Background: Noninvasive procedures for predicting progression to hemodynamic instability during induced central hypovolemia in humans were evaluated. The purpose of this study was twofold: (1) to track changes in autonomic function induced by a model of hemorrhage, and (2) to determine whether measures of autonomic function are reliable without strict control of breathing.
Methods: Electrocardiogram, respiratory frequency, and arterial pressure during progressive lower body negative pressure were recorded for 10 subjects, and for a separate sample of 20 subjects during 5-minute periods of spontaneous breathing or controlled-frequency breathing at 15 breaths per minute.. Heart rate variability was calculated in both time and frequency domains. Up and down baroreflex sequences were calculated with linear regression analysis between sequential changes in systolic pressures and accompanying parallel changes in R-R intervals.
Results: Heart rate variability (r = 0.92) and up (r = 0.90) and down (r = 0.96) sequences changed in direct inverse relation to decreased central volume as produced by progressive increases in lower body negative pressure, whereas mean arterial pressures remained constant (r = 0.26). Neither heart rate variability nor up and down baroreflex sequences were affected by the mode of breathing.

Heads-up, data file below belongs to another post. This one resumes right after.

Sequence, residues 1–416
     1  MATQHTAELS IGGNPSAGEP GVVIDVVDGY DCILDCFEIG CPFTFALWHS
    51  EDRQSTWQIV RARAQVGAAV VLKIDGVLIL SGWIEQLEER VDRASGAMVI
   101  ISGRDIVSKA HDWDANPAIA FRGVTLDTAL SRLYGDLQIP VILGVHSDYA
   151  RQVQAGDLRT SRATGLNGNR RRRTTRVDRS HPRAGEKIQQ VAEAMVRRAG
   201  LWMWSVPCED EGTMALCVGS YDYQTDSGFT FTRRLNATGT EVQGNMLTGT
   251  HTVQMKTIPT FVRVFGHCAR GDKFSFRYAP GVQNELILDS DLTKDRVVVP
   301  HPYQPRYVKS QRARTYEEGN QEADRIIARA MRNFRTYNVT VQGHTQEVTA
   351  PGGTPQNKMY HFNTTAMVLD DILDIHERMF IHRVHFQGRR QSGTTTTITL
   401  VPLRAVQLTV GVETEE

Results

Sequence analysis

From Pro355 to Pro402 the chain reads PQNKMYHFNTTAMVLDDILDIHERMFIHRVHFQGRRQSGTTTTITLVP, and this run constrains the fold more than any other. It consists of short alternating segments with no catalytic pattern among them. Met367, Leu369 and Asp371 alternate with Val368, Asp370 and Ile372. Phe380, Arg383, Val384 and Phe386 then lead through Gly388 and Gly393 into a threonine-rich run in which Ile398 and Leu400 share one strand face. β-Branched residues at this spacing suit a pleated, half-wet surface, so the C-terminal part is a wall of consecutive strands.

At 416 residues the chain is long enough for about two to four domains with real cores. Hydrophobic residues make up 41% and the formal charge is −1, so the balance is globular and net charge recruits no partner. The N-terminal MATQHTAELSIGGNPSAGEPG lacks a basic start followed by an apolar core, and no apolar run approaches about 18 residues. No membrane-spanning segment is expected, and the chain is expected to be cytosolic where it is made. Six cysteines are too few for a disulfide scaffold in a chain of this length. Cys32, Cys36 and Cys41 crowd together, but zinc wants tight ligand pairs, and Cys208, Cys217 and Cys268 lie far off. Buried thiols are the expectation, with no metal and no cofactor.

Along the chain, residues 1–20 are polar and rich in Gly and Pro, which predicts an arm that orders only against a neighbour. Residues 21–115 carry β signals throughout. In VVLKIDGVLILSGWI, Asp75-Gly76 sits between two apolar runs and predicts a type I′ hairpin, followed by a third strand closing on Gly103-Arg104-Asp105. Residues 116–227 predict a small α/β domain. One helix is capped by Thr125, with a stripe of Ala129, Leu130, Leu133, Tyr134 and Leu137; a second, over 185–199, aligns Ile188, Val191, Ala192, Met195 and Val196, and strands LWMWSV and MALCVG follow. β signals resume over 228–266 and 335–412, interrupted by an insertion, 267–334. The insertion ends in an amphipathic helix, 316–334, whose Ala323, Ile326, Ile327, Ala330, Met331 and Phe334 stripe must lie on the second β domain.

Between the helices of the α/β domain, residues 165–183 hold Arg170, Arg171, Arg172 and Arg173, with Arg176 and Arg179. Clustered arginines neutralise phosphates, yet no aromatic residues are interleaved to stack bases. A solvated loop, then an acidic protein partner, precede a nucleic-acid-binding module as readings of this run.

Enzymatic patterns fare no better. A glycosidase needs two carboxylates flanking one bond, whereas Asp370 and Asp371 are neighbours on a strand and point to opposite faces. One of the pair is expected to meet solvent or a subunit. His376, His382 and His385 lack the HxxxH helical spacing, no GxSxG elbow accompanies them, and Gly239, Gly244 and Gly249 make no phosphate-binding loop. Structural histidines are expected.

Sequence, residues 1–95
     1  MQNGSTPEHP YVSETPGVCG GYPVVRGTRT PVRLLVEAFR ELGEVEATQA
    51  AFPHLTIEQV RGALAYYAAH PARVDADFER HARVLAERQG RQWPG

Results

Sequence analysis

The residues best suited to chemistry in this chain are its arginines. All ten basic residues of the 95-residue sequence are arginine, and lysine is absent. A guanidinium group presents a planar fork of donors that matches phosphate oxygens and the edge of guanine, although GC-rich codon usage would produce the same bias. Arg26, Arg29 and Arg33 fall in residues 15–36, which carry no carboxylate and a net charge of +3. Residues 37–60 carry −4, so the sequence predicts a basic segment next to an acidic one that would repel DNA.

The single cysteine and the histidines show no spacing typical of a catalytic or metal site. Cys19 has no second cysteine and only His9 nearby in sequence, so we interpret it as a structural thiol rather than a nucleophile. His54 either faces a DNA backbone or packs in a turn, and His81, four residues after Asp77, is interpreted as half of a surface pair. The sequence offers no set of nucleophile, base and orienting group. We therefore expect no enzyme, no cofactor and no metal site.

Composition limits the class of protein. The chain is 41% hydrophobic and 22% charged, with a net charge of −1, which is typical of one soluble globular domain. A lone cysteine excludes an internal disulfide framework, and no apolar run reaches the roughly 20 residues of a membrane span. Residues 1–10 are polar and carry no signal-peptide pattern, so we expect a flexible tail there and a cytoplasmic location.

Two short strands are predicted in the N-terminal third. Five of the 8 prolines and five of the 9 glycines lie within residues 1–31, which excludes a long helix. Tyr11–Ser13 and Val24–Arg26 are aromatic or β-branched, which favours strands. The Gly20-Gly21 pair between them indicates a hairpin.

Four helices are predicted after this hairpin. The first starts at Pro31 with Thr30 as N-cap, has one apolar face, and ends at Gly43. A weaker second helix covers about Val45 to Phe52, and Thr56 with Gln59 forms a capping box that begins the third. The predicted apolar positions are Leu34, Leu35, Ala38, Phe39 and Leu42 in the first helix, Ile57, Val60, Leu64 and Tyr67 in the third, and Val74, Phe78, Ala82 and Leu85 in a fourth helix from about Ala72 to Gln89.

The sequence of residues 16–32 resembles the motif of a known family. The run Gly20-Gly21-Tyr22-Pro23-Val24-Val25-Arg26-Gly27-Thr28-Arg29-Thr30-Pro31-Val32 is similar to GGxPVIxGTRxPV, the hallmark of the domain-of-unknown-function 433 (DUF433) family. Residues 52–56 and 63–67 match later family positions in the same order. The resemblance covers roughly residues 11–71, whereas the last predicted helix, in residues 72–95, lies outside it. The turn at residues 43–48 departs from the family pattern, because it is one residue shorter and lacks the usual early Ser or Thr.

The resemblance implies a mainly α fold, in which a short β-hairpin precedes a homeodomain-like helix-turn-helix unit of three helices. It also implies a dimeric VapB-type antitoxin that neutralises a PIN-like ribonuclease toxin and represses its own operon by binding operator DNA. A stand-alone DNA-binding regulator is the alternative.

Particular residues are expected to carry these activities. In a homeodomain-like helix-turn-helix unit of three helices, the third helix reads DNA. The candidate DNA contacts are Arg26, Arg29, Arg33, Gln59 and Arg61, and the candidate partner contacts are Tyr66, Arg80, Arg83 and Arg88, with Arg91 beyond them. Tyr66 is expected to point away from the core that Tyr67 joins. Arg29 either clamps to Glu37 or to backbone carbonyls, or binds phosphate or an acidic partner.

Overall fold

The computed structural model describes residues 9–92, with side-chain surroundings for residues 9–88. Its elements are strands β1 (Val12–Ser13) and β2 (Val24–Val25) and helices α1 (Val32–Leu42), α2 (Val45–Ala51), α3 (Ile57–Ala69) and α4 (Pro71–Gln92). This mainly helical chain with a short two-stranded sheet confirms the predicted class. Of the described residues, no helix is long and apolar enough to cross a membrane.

Conclusions: Analysis of heart rate variability and baroreflex sequences in hemorrhaging patients may provide advance recognition of those at risk for progression to shock. In conjunction with more traditional modes of assessing volume status, tracking early changes in autonomic function may improve resuscitation efforts for the hemodynamic compromised patient.